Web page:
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I understand you can shuffle an array in JavaScript using a Fisher-Yates Shuffle. This however uses Math.random for it's random numbers. I was wondering if you could get a better shuffle using window.crypto.getRandomValues() for the random number source?

I have had a go below which works. The getRandomIntInRange() function uses rejection sampling and example specified here.

Please let me know if this is the right way to do it, or if you can think of a better way to do it. JSFiddle here.

$(document).ready(function()
{
    var dataArray = ['0', '1', '2', '3', '4', '5', '6', '7', '8', '9', '10', '11', '12', '13', '14'];               
    var shuffledArray = shuffleArray(dataArray);                

    console.log(shuffledArray);
});         

function getRandomIntInRange(min, max) {

    var range = max - min + 1;
    var maxRange = 256;
    var byteArray = new Uint8Array(1);

    // Fill byteArray with 1 random number
    window.crypto.getRandomValues(byteArray);

    // If outside of range, get another
    if (byteArray[0] >= Math.floor(maxRange / range) * range)
    {
        return getRandomIntInRange(min, max);
    }

    return min + (byteArray[0] % range);
}

function shuffleArray(dataArray) {

    var counter = dataArray.length, temp, index;

    while (counter > 0)
    {
        index = getRandomIntInRange(0, counter - 1);
        counter--;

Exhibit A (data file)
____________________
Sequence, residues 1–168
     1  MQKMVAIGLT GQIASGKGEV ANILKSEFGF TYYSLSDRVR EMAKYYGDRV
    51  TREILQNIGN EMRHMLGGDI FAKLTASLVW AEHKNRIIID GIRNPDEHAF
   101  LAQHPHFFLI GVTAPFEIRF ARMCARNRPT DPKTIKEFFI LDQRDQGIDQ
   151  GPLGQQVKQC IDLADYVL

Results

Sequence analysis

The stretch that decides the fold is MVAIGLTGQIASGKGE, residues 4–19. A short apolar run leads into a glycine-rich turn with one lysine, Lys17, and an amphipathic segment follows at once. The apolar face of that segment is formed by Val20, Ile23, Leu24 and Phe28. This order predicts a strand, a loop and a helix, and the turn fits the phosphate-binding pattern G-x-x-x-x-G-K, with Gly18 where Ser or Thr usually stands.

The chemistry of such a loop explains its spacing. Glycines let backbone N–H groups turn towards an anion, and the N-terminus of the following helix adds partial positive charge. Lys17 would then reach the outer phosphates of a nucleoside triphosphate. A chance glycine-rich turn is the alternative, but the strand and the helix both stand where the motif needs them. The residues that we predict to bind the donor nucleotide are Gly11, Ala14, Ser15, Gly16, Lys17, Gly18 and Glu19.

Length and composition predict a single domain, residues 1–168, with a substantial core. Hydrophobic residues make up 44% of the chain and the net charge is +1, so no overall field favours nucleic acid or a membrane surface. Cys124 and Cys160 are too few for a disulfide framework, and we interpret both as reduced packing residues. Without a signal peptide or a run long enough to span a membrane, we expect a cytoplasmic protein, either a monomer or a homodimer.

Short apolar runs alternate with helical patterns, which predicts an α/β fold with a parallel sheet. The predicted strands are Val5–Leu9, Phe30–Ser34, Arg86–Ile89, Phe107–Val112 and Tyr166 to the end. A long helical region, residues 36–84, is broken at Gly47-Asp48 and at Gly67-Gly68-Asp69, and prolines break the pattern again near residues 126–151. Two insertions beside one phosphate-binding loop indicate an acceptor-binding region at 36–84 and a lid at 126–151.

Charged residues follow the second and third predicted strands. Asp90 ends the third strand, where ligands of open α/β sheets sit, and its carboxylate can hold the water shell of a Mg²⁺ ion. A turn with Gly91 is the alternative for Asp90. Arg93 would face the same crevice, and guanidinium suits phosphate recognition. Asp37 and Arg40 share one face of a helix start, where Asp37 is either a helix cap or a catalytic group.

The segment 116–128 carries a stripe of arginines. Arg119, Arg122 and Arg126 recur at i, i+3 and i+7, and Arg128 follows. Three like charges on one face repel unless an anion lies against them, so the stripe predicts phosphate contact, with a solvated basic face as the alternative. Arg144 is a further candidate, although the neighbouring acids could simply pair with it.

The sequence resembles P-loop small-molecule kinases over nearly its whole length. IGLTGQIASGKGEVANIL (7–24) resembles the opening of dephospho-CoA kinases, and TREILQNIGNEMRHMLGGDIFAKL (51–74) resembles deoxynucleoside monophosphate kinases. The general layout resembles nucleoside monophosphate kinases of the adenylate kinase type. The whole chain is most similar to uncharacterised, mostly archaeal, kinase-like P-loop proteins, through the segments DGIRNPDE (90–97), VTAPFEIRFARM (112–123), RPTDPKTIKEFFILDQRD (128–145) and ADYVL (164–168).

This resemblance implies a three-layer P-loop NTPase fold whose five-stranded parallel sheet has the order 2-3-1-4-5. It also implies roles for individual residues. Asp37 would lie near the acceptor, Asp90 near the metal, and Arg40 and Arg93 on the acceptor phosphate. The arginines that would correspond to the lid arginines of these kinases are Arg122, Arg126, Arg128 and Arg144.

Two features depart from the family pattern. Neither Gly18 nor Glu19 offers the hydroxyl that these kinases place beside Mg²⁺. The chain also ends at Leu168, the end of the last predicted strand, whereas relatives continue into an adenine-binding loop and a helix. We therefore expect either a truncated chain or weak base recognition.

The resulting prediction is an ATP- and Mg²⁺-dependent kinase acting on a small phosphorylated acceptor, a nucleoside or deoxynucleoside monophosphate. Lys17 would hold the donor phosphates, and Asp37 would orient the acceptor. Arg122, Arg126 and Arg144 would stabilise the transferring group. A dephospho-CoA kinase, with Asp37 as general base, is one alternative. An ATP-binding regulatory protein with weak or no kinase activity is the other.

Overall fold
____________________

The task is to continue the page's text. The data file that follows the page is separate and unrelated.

temp = dataArray[counter];
        dataArray[counter] = dataArray[index];
        dataArray[index] = temp;
    }

    return dataArray;
}
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1 Answer 1

up vote 3 down vote accepted

There's nothing wrong with this code (although using strings for the numbers 1 to 14 seems pointlessly slow and complex--what's wrong with just the numbers 1 to 14?). You're certainly free to use whatever RNG algorithm you like. But different algorithms are designed to be best suited for different tasks. Generally speaking, RNGs designed for simulations will not be secure for cryptography; cryptographically secure RNGs will be acceptable for simulations, but will probably be too slow. If you only want to play a few games, no problem. But if you want to simulate a billion hands of blackjack or poker, or do Monte Carlo integration with billions of datapoints, using a cryptographic RNG may well take your code from running in minutes to running in weeks for no benefit.

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OK great, thank you, I'll keep that in mind. –  user2503552 Aug 21 '13 at 7:30
    
Considering the speed of a good CSPRNG there is little reason to use anything else except in really random heavy simulation, which wouldn't be written in js anyways. A single modulo operation is more expensive than generating bytes with chacha12 or AES-CTR on modern hardware. –  CodesInChaos Aug 21 '13 at 16:02
    
Totally agree that worrying about performance in JavaScript might be barking up the wrong tree, but it does matter. I can run quite literally billions of hands of blackjack or poker in minutes in C with Marsaglia's MWC or Jones's JKISS. Even the fastest CSPRNG would push that out by an order of magnitude, because the PRNG is a significant percentage of the time taken. Yeah, if you have hardware AES, all bets are off. –  Lee Daniel Crocker Aug 22 '13 at 2:03
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